return new \Main\Model\TwitterRepository($sm, $dbAdapter);
            },
            'Main\Model\ProjectRepository' => function($sm) {
                $dbAdapter = $sm->get('Zend\Db\Adapter\Adapter');
                return new \Main\Model\GoogleRepository($sm, $dbAdapter);
            },
        ),
    ),
);

Each of my repositories (which extends AbstractTableGateway) needs to have
the DB adapter injected. It would make things faster, if factories could be
defined based on inherited classes. E.g. in the case above the factories
for all classes inheriting from Main\Model\AbstractRepository need to have
the same factory. Or is there a solution for this already? I could use an
initializer class but this wouldn’t perform very well, would it? Since the
initializer would be called whether I needed it or not.


On Mon, Feb 25, 2013 at 3:08 PM, Matthew Weier O'Phinney
<[hidden email]>wrote:

> On Sat, Feb 23, 2013 at 4:31 PM, roberto blanko <[hidden email]>
> wrote:
> > Matthew, thanks for this elaborate answer. Makes a lot of things clearer
> > for me.
> >
> > So, in that case I stick to injecting everything I need. This really
> bloats
> > my module.config.php with a lot of redundant stuff and slows me down
> quite
> > a bit, but I see your point.
>
>
> What kind of redundant stuff are you seeing? Depending on what it is,
> and whether others report similarly, we may be able to come up with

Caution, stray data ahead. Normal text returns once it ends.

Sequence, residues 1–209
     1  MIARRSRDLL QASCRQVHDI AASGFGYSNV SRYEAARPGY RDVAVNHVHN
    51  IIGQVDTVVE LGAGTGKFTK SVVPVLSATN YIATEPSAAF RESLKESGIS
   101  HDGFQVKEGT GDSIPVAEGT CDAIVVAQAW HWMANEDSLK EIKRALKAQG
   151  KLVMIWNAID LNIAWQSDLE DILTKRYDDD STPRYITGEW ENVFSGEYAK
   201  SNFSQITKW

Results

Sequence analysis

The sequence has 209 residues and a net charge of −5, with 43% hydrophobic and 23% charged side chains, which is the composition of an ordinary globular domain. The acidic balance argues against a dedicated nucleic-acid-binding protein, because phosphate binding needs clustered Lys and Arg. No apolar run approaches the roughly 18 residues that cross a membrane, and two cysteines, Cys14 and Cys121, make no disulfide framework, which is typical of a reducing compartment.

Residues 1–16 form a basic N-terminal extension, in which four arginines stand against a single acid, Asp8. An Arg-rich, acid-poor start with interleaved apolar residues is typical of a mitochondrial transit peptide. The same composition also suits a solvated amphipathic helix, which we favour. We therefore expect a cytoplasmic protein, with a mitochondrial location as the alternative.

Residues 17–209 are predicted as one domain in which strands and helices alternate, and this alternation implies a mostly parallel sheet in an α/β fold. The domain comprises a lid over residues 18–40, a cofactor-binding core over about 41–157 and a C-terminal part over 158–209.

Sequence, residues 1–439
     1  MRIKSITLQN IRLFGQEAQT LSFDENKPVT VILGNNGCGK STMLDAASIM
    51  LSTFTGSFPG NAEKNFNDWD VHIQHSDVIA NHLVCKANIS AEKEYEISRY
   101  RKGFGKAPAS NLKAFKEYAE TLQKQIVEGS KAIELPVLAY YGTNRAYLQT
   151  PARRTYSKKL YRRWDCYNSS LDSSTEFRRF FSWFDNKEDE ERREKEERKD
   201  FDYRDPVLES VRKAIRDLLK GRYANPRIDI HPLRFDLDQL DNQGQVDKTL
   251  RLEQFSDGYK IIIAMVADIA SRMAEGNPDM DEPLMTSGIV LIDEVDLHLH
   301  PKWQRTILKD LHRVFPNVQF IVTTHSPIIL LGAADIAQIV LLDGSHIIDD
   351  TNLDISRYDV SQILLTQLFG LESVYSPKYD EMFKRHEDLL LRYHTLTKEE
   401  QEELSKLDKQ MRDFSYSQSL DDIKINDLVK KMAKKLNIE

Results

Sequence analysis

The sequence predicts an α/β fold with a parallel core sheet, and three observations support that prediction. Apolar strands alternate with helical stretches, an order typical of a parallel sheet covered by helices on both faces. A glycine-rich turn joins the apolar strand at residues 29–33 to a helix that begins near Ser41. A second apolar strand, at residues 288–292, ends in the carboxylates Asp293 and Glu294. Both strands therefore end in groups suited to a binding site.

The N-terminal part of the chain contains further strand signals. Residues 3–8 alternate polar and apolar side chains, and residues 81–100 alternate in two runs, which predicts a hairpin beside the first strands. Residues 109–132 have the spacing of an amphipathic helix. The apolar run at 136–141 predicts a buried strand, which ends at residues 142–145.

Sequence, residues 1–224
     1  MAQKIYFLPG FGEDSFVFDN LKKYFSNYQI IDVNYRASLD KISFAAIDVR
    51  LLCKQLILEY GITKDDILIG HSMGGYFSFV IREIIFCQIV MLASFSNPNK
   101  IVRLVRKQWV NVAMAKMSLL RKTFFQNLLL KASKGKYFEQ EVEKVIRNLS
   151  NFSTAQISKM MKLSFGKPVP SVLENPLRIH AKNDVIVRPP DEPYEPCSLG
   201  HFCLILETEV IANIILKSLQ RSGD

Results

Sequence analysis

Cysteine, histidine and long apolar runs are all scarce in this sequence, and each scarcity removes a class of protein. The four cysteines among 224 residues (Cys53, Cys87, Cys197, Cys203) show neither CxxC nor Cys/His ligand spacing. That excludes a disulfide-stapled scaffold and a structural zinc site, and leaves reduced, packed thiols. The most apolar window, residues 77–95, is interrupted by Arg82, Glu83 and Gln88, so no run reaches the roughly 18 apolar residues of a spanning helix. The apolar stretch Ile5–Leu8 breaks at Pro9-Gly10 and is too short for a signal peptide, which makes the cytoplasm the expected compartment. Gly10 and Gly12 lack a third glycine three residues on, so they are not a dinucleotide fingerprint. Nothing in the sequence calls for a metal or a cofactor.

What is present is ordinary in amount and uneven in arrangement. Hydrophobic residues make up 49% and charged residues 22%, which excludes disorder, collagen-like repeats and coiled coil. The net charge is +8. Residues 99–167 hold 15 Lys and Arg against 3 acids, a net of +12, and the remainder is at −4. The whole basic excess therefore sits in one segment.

> some solutions to reduce repetition.
>
>
> > On Tue, Feb 19, 2013 at 5:08 PM, Matthew Weier O'Phinney
> > <[hidden email]>wrote:
> >
> >> On Tue, Feb 19, 2013 at 3:37 AM, roberto blanko <
> [hidden email]>
> >> wrote:
> >> > one problem drives me nuts, since I started working with ZF2 (never
> >> worked
> >> > with Version 1):
> >> >
> >> > I'm in need of the service manager all the time. E.g. to access my
> config
> >> > in config/autoload/local.php via $sm->get('Config'). I need the
> service
> >> > manager everywhere. Controllers, models, you name it. And I don’t
> want to
> >> > pass it around by hand, which would make everything ugly.
> >> >
> >> > Now I’ve started to implement ServiceLocatorAwareInterface in most
> >> classes.
> >>
> >> Don't.
> >>
> >> The best option is to define factories for your classes that inject
> >> the dependencies for you. When you do that, you no longer have hidden
> >> dependencies, and you have everything you need up front. When you have
> >> an instance of the object, it's fully configured.
> >>
> >> If you need configuration, you're doing it wrong -- that configuration
> >> should either be injected, or the objects the configuration
> >> defines/configures should be injected.
> >>
> >> As an example, let's consider a common controller. Let's say it makes
> >> use of a TableGateway, and you have one or more methods in that
> >> TableGateway that return a paginator instance. You want to be able to
> >> specify how many results per page the paginator should use. And for
> >> insert()/update() operations, you want this information tied to a form
> >> so that the validation is done correctly; however, you want a
> >> different form based on the operation (new vs. edit). One element of
> >> the form needs a DB instance in order to validate.
> >>
> >> In ZF1, you'd likely do the following:
> >>
> >> * Pull the "db" resource from the bootstrap (actually, a DB adapter).
> >> * Create a TableGateway instance, and inject the DB adapter.
> >> * Pull configuration from the registry or the bootstrap.
> >> * Use that configuration to tell the TableGateway how many items per
> >> page to return for Paginator instances.